Life is interesting. The very day that I sat down to pen this piece, one of my favorite YouTube channels, The Skin Deep, premiered a new episode between two friends—Lafi and Eboni. When it comes to the topic that's at hand, I don't know if growth spurts can get any more extreme than one friend who is a new mom and the other friend who is currently transitioning from female to male. And here's the thing, y'all—no matter what your personal feelings are on transgenderism, I still think the episode is worth watching—and pondering. One reason is because it's clear that the love and loyalty between these two individuals are rock solid. Second, I believe that their personal and friendship journey beckons us all to ask the question, "What would we do if a friend of ours made a significant life change?" Deeper still, "What would we do if they made a decision that we either couldn't relate to or perhaps didn't personally agree with?"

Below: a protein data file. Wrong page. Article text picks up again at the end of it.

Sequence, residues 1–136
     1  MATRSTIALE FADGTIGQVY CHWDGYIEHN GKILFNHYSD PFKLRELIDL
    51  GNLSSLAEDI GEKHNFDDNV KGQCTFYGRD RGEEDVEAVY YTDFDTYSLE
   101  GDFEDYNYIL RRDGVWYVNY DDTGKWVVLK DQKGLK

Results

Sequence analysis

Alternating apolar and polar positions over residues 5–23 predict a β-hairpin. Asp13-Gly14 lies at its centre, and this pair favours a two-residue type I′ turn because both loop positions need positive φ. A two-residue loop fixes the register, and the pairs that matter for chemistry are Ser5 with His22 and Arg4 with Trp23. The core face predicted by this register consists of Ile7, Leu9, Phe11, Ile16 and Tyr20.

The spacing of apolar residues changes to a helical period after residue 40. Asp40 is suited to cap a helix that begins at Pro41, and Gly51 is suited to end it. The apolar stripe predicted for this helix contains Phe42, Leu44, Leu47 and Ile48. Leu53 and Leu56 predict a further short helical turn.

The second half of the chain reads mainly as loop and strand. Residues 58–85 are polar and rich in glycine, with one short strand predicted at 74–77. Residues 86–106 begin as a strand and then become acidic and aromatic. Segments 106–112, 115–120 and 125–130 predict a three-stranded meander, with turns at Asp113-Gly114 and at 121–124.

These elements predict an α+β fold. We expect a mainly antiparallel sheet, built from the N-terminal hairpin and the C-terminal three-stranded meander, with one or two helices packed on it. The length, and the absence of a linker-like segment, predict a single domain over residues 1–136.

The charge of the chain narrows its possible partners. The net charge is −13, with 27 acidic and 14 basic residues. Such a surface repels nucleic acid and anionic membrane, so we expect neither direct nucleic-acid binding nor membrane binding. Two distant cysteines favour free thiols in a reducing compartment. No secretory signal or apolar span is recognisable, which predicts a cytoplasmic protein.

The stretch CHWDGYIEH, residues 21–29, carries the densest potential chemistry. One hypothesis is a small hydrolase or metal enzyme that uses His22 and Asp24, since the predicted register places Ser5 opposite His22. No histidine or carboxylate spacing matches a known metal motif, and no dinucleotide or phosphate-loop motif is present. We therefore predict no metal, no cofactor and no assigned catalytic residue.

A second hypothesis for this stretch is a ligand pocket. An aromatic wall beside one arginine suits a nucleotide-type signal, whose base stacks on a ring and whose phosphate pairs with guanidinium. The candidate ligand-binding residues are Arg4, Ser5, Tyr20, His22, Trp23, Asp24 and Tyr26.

The interesting thing about the word "growth" is increase and development can mean different things to different people. So, while you're trying to maintain a friendship with someone who may define growth in a way that is different from your own, how do you discern the differences between growing together and growing apart?
As I watched the entire episode, one of the questions that I really liked was, "How has your love changed for me over time?" It served as a reminder that none of us are the same from five years ago; we'll also be different five years from now. As you're trying to balance how to maintain your friendships in the midst of you and your friends' growth spurts, here are some tips to help you both keep your connection intact.